Mobai (together with Steinbeis Transfer Centre BISE) have been awarded a contract with European Union Agency for the Operational Management of Large-Scale IT Systems in the Area of Freedom, Security and Justice (eu-LISA) to generate representative artificial data for fingerprints (FP) and facial images (FI), and the provisioning of biometric data quality requirements for the curation of test datasets. eu-LISA has started the implementation of the European Entry-Exit Systems’ biometric components. During its use, the European Entry-Exit System will capture and verify biometric data of travellers to the Schengen area at all border crossing points as well as by visa and law enforcement authorities. The Steinbeis Network is dedicated to the transfer of academic findings and knowledge into applications. Steinbeis Transfer Centre BISE is focused on biometrics under the directorship of Prof. Dr. Christoph Busch at Hochschule Darmstadt. Mobai AS is a spin-off company from the Norwegian University of Science and Technology (NTNU) commercializing technology developed at the Norwegian Biometrics laboratory. In this contract Mobai collaborates with experts from NTNU and Paris Lodron University of Salzburg (PLUS) to ensure expert quality within the field of face and fingerprint biometrics. The European Union Agency for the Operational Management of Large-Scale IT Systems in the Area of Freedom, Security and Justice (eu-LISA), operates large-scale IT systems for the implementation of the asylum, border management and migration policies of the EU. Details: This contract covers the need of evaluating large scale synthetically generated biometric (fingerprint and face) databases with the intention to understand to which extent they could be used for biometric performance (accuracy) tests as well as solutions for tailoring of these datasets to make them fit for purpose. The main hypothesis to contrast is to which extent synthetic samples could replace the need for real images for biometric performance tests of the large scale IT systems. eu-LISA is responsible for the operational management of three large scale IT systems, namely Visa Information System (VIS), EURODAC and the Schengen Information System (SIS II). The Agency currently manages Eurodac, the second generation of the Schengen Information System (SIS II) and the Visa Information System (VIS). Further to these, eu-LISA is developing the Entry/Exit System (EES), the European Travel Information Authorization System (ETIAS) and the European Criminal Records Information System - Third-Country Nationals (ECRIS-TCN). Background and objectives: As part of the Smart Borders program, according to Regulation (EU) 2017/2226 of the European Parliament and of the Council establishing an Entry/Exit System (EES). While the three systems currently operated and maintained by eu-LISA (VIS, SISII and EURODAC) include biometric operations based on fingerprint data, EES is a unique project due to its large size, very high performance requirements and the combined use of fingerprints and facial images on all external border crossing points of the Schengen Area. Therefore pre-go-live biometric performance testing requires changes to the old testing methods as well as new datasets that are representative enough to the future Production environment in terms of both data characteristics and size. The outcome of this [...]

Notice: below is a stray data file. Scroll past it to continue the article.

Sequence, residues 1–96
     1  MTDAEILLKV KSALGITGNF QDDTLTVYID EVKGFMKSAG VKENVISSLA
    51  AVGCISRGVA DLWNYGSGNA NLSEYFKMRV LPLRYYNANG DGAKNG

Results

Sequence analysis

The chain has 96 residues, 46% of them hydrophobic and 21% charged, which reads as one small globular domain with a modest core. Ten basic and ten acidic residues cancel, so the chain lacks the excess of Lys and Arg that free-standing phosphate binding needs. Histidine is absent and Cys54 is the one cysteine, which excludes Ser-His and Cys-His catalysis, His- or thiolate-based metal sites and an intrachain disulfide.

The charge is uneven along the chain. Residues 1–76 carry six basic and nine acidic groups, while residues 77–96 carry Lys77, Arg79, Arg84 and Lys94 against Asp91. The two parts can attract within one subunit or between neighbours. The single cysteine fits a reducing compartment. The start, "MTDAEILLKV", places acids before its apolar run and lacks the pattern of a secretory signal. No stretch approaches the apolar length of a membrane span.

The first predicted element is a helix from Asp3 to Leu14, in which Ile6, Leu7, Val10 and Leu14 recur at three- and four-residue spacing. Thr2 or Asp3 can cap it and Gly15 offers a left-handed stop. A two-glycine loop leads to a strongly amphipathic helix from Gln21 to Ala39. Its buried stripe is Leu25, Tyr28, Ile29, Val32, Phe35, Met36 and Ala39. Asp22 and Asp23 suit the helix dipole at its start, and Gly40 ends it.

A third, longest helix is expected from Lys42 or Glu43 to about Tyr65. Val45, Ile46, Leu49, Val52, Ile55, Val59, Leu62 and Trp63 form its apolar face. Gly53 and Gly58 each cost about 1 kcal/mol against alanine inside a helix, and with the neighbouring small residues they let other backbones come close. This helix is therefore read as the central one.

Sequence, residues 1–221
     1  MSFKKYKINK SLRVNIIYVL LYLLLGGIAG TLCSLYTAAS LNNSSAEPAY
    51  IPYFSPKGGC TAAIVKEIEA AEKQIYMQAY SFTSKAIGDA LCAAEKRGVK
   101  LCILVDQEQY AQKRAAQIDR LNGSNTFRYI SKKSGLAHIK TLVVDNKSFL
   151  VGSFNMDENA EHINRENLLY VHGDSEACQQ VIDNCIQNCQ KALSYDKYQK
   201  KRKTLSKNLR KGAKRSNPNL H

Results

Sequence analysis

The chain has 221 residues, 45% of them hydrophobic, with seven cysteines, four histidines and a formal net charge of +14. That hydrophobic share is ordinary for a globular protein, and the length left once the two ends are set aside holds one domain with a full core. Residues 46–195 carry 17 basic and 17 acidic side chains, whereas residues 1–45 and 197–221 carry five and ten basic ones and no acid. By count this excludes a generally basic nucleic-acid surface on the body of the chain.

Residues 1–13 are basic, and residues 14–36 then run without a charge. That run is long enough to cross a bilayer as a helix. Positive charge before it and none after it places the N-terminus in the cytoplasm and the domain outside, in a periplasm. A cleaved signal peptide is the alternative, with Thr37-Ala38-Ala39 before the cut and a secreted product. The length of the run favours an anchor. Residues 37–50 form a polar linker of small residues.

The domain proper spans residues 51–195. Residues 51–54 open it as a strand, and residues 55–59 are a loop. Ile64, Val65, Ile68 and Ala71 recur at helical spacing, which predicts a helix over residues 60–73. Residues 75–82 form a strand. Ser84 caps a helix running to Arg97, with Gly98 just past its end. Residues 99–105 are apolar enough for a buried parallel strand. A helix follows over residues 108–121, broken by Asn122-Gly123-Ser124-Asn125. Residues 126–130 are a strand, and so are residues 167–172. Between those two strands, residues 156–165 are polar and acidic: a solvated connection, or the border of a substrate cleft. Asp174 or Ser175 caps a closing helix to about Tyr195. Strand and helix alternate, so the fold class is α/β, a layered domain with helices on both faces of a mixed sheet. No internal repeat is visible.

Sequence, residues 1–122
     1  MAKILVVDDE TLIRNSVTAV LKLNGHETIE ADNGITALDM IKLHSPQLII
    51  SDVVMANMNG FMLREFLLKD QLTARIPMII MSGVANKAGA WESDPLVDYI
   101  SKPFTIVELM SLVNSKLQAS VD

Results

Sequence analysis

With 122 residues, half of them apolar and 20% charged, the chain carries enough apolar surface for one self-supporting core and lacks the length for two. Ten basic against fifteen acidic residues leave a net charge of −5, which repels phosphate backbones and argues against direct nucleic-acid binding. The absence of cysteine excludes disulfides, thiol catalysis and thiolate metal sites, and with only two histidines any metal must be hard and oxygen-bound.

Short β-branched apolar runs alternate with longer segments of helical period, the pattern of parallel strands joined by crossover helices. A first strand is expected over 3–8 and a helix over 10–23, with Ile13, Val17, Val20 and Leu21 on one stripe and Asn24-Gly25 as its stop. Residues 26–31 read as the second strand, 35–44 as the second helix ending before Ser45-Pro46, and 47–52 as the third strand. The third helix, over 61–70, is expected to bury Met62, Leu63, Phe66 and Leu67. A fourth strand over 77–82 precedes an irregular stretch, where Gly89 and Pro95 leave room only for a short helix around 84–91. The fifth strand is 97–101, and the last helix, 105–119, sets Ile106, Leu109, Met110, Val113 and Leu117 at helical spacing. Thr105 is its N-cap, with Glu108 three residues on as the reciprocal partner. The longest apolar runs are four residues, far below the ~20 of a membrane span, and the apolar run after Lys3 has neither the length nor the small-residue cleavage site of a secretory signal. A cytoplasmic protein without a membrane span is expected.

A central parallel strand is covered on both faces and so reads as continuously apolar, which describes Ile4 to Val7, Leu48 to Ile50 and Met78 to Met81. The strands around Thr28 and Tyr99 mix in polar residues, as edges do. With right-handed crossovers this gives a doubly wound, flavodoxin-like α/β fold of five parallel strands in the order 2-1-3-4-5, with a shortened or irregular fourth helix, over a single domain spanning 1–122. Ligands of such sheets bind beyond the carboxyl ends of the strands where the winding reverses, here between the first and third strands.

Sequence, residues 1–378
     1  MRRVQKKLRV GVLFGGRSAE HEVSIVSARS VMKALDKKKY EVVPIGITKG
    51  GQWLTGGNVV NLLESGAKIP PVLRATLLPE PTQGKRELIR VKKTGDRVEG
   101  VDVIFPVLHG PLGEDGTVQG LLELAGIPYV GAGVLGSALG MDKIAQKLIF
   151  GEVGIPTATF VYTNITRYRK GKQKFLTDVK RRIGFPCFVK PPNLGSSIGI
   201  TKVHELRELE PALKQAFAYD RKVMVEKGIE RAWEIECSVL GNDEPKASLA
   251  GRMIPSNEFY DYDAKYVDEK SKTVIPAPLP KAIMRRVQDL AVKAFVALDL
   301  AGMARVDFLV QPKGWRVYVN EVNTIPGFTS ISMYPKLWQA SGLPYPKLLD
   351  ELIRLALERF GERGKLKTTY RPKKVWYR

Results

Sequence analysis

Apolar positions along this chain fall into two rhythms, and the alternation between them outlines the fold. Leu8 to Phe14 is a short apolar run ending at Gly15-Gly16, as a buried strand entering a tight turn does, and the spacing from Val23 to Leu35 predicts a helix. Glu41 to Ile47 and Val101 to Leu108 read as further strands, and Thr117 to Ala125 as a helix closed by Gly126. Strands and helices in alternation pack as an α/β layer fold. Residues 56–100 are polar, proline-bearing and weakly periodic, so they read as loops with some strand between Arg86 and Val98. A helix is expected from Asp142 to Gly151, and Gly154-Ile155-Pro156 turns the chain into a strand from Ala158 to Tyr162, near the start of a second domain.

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The National Institute of Standards and Technology (NIST, part of U.S. Department of Commerce) conducts large scale testing of face recognition software in their Face Recognition Vendor Test (FRVT). One of the core tests is the FRVT 1:1 Verification, where algorithms are evaluated on multiple large-scale datasets in how good they perform on 1:1 facial verification. What is 1:1 verification? It is the scenario where a person claims to be a certain individual, such as the owner of a specific passport or a specific user requesting access to a system with facial biometrics. The system then performs the 1:1 facial verification by capturing a new face sample and compares it against the reference face sample stored in the passport document or in the system. For example, the automatic border gate compares the new image against the facial image from your passport, or your phone compares a new selfie against the stored data when you unlock it. In NIST FRVT 1:1 the evaluation is conducted on a large series of individuals in datasets with images collected from Visa, Mugshot, Wild and Border control scenarios. Below you can see some of the sample photos from the NIST datasets: In Mobai we are very proud of being a top contender in the NIST FRVT 1:1, and especially for the results on the Mugshot and Visa-Border datasets. The Visa-Border dataset is one of the more interesting scenarios since the comparisons consist of images from a Visa-document, such as a passport and then that is compared to actual border crossing images. This test is a good representation for border control or (self-service) identity verification use cases. The Mobai results can be found at https://pages.nist.gov/frvt/reportcards/11/mobai_001.html The test results are illustrated in graphs showing the relationship between False non-match rate (FNMR) and False match rate (FMR). The FMR indicates the proportion of comparisons between two different persons that is falsely considered as a match. The FNMR indicates the proportion of comparisons between the same person that is falsely considered to not match. You can think of FMR as the security dimension; how large is the risk that a person will be able to successfully generate match as someone else, and FNMR as the usability dimension; what is the likelihood that a person will not be considered a match when a comparison is performed against their own reference image. Above you can see the results for Mobai on the Visa-Border datasets, where we obtain 0,0093 FNMR @ FMR 1e-06, which is extremely low and only 0,006 behind the leader. To rephrase the results a bit: when the security dimension (FMR) is fixed at a level where only 1 person out of 1 000 000 is wrongly matched against another person in the dataset, then our system wrongly rejects the correct person approximately 1 time out of 100 attempts. If we compare this result to human performance in face recognition, we see that the results are significantly better in automated systems, as studies show the FMR or the chance [...]